youth) in the intervals between his dangerous and renowned
achievements. To bring his life, after his ascent to the "Be he ne'er so vile,
crown, on the stage, was, however, attended with great diffi. This day shall gentle his condition."- Act IV., Scenc 3. culty. The conquests in France were the only distinguished
events of his reign; and war is much more an epic than a Henry V. prohibited all persons, except such as had a
dramatic subject. If we would have dramatic interest, war right by grant or inheritance, from bearing coats of arms,
must only be the means by which something else is accomexcept those who fought with him at the battle of Agincourt;
plisherl, and not the last aim and substance of the whole. and these were allowed the chief seats at all feasts and public meetings.
In "King Henry V." no opportunity was afforded Shakspere of rendering the issue of the war dramatic; but
he has availed himself of other circumstances attending it “YORK. My lord, mosl humbly on my knee I beg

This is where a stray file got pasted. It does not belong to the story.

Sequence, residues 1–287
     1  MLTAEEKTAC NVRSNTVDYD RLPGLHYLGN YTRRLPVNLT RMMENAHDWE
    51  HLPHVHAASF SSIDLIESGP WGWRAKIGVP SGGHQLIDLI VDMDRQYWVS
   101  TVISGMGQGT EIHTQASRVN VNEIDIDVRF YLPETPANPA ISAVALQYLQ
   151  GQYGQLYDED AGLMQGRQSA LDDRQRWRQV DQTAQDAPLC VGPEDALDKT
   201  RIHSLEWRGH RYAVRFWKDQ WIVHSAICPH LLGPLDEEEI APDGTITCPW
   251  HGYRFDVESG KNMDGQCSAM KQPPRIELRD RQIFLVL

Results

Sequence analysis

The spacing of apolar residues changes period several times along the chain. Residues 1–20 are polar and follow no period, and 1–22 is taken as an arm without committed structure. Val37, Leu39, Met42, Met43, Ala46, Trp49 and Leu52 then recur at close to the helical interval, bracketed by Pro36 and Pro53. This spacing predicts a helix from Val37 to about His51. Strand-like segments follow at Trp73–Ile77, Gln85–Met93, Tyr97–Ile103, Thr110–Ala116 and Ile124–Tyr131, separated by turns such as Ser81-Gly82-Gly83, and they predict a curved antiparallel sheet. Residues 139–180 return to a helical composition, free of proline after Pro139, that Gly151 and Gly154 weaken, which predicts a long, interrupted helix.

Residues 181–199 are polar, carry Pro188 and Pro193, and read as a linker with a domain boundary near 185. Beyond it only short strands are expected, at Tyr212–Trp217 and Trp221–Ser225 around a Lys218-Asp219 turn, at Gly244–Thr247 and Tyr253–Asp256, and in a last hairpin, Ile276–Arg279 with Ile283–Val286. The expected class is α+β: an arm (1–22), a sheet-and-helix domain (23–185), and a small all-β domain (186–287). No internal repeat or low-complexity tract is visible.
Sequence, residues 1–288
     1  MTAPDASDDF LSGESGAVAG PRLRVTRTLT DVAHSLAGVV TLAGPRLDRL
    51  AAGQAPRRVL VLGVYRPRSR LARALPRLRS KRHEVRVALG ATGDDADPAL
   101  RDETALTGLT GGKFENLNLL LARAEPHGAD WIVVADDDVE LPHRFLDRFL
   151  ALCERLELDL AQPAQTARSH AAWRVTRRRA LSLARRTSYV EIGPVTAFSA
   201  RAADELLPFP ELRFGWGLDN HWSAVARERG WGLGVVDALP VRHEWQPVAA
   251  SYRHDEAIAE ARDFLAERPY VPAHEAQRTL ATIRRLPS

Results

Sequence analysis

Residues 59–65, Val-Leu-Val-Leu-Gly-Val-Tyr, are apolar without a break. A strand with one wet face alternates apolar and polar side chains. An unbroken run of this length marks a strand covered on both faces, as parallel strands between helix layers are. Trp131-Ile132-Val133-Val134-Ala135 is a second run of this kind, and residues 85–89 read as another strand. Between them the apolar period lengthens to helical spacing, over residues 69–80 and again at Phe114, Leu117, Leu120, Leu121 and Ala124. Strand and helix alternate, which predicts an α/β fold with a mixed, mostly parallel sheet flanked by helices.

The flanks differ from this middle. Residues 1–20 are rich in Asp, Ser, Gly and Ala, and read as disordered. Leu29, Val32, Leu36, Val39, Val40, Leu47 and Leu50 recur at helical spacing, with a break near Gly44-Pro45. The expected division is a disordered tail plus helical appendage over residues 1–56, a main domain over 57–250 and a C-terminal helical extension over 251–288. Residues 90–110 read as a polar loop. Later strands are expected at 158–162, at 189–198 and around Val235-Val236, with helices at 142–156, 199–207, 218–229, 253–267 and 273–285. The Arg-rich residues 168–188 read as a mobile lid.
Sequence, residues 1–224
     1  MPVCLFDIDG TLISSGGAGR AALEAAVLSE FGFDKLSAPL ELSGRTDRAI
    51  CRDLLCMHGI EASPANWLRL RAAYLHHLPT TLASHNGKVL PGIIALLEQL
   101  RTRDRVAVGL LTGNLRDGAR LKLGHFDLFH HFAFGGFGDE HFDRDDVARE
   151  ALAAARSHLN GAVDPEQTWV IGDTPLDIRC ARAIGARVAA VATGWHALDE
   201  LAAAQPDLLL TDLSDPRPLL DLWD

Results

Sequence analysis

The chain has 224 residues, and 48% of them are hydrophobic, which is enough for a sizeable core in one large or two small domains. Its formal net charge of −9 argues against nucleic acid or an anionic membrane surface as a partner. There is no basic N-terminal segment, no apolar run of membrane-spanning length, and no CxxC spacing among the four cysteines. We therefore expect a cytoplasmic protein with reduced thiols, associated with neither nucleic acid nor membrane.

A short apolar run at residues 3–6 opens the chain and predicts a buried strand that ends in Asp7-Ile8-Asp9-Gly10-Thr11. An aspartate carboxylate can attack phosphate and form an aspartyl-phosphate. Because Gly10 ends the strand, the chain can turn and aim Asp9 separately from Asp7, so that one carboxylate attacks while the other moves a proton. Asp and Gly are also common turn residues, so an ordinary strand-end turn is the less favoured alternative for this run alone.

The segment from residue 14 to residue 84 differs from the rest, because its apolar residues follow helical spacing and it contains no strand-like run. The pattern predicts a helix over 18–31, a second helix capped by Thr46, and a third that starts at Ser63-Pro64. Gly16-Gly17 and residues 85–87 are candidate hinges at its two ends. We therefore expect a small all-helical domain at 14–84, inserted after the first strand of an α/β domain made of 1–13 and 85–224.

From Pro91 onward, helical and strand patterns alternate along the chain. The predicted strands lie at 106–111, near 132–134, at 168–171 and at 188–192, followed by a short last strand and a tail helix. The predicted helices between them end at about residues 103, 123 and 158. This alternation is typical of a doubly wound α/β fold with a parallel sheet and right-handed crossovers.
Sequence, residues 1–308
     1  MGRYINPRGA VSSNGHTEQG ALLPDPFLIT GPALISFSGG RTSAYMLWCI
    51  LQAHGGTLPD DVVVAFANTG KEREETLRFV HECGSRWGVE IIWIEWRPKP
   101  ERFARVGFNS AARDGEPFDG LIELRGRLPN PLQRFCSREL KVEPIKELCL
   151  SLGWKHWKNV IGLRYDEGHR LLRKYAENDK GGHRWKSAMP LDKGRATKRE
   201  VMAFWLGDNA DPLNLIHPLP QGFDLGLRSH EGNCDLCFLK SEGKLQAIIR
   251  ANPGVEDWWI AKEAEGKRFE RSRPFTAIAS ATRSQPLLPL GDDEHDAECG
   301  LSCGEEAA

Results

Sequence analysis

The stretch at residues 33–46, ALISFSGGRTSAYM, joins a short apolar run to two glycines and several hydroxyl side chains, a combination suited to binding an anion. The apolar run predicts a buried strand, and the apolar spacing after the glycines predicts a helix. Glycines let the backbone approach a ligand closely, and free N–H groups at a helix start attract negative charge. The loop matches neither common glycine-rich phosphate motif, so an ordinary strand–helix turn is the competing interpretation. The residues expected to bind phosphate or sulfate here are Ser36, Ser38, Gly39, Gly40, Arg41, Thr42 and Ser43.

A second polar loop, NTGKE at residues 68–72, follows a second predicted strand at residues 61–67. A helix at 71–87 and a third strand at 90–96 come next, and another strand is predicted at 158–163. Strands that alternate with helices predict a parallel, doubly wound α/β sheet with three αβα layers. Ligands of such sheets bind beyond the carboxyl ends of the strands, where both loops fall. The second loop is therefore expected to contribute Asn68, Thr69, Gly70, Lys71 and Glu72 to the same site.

with peculiar care. Before the battle of Agincourt, he paints The leading of the vaward
in the most lively colours the light-minded impatience of the K. Her. Take it, brace York."-Act IV., Scene 3...
French leaders for the moment of battle, which to them This Duke of York is the same person who appears (not seemed infallibly the moment of victory : on the other hand, very creditably) in “King RICHARD II.," as Duke of Au he paints the uneasiness of the English King and his army, merle. He was the second son of Edmund Langley, the from their desperate situation, coupled with the firm deterDuke of York of that play. Richard, Earl of Cambridge, mination, if they are to fall, at least to fall with honour. He who appears in the second act of this drama, was the younger applies this as a general contrast between the French and brother of the Edward, Duke of York, mentioned in the English national character: a contrast which betrays a quoted passage.
partiality for his own nation, certainly excusable in a poet,
especially when he is backed with such a glorious document “Quality! Callino, castore me. Art thou a gentleman?" as that of the memorable battle in question.
Act IV., Scene 4. However much Shakspere celebrates the French conquest The original copy here reads, "Qualitie, calmie custure
of King Henry, still he has not omitted to hint to us, after me." This jargon was changed by the 'editors to “Quality,
his way, the secret springs of this undertaking. Henry was call you me? Construe me," &c. But Malone subsequently
in want of foreign wars to secure himself on the throne : the found "Calen o custure me," mentioned as the burthen of
clergy also wished to keep him employed abroad, and made a "Sonnet of a Lover," in a work called “AHANDFUL OF